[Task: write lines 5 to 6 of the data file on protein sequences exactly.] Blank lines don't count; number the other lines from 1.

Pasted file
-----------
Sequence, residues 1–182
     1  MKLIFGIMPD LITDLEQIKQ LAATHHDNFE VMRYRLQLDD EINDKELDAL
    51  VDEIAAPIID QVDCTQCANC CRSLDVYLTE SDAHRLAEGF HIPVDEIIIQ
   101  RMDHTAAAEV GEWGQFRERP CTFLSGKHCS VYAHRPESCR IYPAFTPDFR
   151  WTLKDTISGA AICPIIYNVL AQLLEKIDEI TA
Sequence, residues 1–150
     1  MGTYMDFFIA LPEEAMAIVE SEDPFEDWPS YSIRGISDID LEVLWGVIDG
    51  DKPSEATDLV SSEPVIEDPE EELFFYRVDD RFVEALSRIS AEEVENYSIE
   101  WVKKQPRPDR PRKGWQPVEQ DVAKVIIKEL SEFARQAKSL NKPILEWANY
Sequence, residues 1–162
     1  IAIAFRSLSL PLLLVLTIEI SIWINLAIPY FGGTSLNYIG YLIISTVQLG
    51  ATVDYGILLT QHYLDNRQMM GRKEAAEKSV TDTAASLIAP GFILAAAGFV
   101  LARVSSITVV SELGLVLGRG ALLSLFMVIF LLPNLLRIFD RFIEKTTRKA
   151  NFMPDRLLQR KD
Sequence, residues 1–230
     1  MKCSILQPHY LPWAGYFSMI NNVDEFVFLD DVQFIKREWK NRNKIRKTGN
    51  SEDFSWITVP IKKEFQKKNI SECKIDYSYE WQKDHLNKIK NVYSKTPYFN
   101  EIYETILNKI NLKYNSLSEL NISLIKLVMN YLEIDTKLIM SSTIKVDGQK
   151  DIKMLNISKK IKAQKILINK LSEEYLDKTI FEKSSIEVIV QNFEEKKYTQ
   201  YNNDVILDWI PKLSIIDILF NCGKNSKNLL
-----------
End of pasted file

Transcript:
   151  WTLKDTISGA AICPIIYNVL AQLLEKIDEI TA
Sequence, residues 1–150